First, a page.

For refrigerators market the new energy efficiency label translates first of all in a changing of how the energy efficiency tests are performed. Criteria and tolerance thresholds will become more restrictive, and protocols stricter. On the other hand, it will increase companies’ competition for the production of more efficient refrigerators.
In order to move from one step to another of this energy efficiency ladder it is necessary to increase of 20% the level of energy efficiency of the refrigerator. To achieve this goal, important interventions have to be done on the refrigeration circuit, but sensible room for improvement can be gained also increasing the insulation efficiency (lambda) of the insulating polyurethane foam in the refrigerators.
Pros and cons of VIP
One of the most used method to improve the lambda is inserting into the refrigerators wall the VIPs, vacuum insulated panels, consisting of a gas-tight enclosure surrounding a rigid core where a vacuum has been performed. The membrane walls prevent air from entering the panel, while a rigid highly-porous material support the membrane against atmospheric pressure once the vacuum has been made. Chemicals and glass-fiber or foam cores are added to VIP to collect gases leaked through the membrane.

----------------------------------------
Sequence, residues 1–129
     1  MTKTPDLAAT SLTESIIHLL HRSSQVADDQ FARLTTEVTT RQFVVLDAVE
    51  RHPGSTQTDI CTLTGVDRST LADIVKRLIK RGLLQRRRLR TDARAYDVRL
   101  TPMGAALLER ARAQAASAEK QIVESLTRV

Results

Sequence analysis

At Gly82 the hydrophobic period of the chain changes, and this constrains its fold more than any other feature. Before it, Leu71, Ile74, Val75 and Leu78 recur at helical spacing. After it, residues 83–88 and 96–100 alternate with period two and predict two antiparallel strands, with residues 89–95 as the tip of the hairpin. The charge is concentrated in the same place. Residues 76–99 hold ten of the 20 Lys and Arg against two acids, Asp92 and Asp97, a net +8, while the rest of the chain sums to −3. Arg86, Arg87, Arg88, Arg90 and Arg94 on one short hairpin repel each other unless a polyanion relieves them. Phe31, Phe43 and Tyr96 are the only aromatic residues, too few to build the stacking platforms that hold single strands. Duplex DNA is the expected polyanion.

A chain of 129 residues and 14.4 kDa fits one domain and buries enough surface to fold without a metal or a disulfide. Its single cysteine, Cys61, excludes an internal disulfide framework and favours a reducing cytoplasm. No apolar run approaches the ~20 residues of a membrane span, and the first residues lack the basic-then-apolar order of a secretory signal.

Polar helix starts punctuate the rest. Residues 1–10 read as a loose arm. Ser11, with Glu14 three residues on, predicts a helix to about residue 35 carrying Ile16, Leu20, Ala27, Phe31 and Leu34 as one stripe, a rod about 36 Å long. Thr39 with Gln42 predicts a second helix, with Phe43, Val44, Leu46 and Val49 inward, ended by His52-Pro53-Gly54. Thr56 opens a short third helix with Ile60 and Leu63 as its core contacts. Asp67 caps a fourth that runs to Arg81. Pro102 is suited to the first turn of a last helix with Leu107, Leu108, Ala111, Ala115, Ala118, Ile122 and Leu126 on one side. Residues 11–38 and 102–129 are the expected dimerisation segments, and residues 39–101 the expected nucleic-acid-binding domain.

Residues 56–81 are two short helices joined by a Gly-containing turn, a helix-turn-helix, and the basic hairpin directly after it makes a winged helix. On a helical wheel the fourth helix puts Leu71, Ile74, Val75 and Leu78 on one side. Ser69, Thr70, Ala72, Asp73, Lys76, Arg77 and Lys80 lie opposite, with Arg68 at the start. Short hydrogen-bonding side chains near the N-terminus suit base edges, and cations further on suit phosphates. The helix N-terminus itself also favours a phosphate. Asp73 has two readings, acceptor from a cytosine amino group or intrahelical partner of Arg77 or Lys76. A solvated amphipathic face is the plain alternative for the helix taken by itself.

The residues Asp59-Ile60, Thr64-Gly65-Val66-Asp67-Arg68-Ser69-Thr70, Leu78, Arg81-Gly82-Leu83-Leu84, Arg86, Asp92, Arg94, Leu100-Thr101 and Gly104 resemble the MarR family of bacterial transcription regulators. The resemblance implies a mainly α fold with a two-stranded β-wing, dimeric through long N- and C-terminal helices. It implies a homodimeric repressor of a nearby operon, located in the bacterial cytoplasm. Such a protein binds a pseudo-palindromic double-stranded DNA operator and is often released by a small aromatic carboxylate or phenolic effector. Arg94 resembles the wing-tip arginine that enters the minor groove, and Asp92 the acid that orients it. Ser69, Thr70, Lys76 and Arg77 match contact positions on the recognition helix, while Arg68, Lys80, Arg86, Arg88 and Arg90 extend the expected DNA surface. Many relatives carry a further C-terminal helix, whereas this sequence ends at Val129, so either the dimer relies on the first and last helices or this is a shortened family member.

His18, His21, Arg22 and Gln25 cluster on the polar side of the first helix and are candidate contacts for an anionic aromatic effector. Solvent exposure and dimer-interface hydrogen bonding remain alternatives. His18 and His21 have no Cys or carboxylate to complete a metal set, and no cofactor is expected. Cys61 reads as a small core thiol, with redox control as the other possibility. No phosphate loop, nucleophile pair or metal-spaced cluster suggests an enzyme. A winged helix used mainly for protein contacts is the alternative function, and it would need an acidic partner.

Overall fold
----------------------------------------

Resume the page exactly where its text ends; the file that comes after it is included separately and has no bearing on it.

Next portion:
VIP achieves a much lower thermal conductivity than conventional insulation, so a higher thermal resistance. Good quality panels can reach a lambda of 4-5, that means about 4 times the value of insulation efficiency of a traditional pentane foam, for example.
However, VIPs are more difficult to manufacture than polyurethane foams, and require a strict quality control of membranes and sealing joins, since they have to maintain their vacuum over a long period of time.
In addition, VIPs cannot be cut to fit as with conventional insulation, but have to be produced tailor-made and require the injection of polyurethane to support them in full filling the cavities the are placed in. Polyurethane also acts as an additional protection for these panels, which have a certain degree of fragility.